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Cut-throat side of eco energy exposed, as rival tries to appoint itself on Good Energy board

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Juliet Davenport of Good EnergyJuliet Davenport of Good EnergyChippenham-based eco energy provider Good Energy was this morning trying to see off a move by a commercial rival to appoint himself and a colleague onto its board.

Over the past 12 months, Stroud-based Ecotricity – a direct competitor has been buying up shares in Good Energy. It is now the company’s largest single shareholder, with a 25.3 percent stake.

Ecotricity has now requisitioned a general meeting of Good Energy’s shareholders to consider the appointment of its founder and sole shareholder Dale Vince to the Good Energy board.

Mr Vince also wants Simon Crowfoot, managing director of Ecotricity’s Electric Highway division, to be appointed as a non-executive director.

The appointments will be passed if more than 50 percent of the votes cast at the general meeting are in favour… including those to be cast by Ecotricity.

The meeting must be called within 21 days and is expected to be held by the end of August.

This morning, Good Energy was attempting to fight off the move. In a statement, it said: “The board of Good Energy believes that the appointment of representatives from a direct competitor as non-executive directors would present significant conflicts of interest that would work against the best interests of Good Energy’s shareholders as a whole, as well as Good Energy’s customers and other stakeholders.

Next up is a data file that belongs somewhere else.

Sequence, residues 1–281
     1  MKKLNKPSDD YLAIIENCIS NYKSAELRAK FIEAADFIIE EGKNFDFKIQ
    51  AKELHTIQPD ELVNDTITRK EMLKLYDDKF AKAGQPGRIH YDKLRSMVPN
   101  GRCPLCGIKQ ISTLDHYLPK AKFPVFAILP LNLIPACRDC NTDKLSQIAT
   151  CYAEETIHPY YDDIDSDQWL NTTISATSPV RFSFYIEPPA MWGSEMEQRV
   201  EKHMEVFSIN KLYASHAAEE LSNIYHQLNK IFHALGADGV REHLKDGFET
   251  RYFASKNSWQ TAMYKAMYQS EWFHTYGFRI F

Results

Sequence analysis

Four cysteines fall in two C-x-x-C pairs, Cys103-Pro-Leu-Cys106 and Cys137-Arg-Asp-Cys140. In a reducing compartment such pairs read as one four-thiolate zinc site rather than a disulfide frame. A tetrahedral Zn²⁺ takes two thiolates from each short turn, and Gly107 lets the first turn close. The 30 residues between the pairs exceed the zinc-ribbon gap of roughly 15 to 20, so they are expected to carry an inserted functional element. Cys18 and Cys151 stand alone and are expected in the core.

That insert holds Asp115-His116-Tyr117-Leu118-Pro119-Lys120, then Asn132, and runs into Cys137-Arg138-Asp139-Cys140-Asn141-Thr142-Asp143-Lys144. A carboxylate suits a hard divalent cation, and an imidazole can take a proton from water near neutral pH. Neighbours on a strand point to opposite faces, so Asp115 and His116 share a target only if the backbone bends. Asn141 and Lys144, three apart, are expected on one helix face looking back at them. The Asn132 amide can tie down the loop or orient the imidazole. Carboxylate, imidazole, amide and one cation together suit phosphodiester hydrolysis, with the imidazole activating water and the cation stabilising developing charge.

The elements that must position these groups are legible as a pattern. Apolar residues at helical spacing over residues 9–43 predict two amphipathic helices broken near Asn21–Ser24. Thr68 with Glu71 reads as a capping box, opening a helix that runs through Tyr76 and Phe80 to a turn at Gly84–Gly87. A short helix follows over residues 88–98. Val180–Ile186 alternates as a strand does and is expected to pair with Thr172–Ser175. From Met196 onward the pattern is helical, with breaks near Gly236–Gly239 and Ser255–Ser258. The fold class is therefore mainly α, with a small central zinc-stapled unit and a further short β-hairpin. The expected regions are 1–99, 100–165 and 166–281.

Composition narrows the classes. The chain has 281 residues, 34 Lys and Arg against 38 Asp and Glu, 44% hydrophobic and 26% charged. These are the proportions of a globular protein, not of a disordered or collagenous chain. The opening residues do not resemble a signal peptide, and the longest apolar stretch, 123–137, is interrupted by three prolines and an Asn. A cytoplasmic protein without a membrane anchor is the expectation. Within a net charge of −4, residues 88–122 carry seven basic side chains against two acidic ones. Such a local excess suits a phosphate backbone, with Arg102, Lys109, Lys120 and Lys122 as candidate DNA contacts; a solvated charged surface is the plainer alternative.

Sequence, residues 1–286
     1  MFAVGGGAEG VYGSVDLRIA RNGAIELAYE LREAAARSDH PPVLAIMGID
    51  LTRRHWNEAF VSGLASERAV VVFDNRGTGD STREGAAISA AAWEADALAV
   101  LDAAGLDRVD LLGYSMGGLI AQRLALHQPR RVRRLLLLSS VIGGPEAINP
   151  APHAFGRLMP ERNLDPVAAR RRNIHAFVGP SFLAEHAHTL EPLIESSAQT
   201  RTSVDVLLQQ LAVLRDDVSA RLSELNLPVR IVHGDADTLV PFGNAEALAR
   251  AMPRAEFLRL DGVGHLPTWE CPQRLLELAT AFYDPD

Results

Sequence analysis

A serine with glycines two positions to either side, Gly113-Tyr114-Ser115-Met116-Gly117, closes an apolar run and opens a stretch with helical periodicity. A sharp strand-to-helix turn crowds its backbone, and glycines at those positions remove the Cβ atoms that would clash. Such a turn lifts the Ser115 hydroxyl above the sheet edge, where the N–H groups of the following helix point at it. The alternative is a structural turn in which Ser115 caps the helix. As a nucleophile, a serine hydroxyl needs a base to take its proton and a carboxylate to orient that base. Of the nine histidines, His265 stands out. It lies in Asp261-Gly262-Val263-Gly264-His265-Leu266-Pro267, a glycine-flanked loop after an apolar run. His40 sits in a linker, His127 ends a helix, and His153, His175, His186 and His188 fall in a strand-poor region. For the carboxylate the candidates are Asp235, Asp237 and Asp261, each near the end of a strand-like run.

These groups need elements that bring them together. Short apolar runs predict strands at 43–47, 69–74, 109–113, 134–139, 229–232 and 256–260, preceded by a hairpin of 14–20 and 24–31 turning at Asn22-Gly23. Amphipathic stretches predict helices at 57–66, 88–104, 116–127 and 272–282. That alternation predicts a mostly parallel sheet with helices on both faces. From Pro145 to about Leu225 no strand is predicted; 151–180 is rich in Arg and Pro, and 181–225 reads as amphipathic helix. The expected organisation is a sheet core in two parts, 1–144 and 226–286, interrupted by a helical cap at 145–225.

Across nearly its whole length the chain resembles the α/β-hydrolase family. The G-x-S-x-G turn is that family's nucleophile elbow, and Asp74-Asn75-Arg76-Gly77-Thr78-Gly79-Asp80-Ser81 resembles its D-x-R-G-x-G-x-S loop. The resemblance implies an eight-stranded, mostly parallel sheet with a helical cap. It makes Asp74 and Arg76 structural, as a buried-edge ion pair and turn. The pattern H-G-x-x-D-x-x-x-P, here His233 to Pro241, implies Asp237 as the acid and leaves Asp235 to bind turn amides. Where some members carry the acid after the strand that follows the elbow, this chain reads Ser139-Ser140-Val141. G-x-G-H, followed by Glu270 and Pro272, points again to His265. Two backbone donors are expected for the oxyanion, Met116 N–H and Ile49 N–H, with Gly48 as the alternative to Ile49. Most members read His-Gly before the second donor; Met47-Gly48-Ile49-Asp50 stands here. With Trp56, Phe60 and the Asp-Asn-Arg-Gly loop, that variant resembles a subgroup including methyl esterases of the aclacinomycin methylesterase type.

“Accordingly the Board does not welcome Ecotricity’s proposal to appoint Dale Vince and Simon Crowfoot as non-executive directors of Good Energy and will be writing to shareholders in due course with a detailed response and with a unanimous recommendation to vote against the resolutions.”

John Maltby, chairman of Good Energy, said: “Having the owner and senior management of a direct competitor on our board would be unworkable. There can be no reasonable expectation that any representative of Ecotricity would put the interests of Good Energy shareholders, customers and other stakeholders before those of Ecotricity.

“The proposed appointments, if implemented, would significantly curtail the ability of Good Energy’s board to operate and consider any commercial matter in a unified way, creating unnecessary administrative, financial and competitive penalties for the company.

“This action by Ecotricity is regrettable and we will be writing to shareholders setting out our position and the importance of voting against Ecotricity’s proposal.”

Founded in 2003 by Juliet Davenport, Good Energy employs nearly 300 people at its Chippenham headquarters.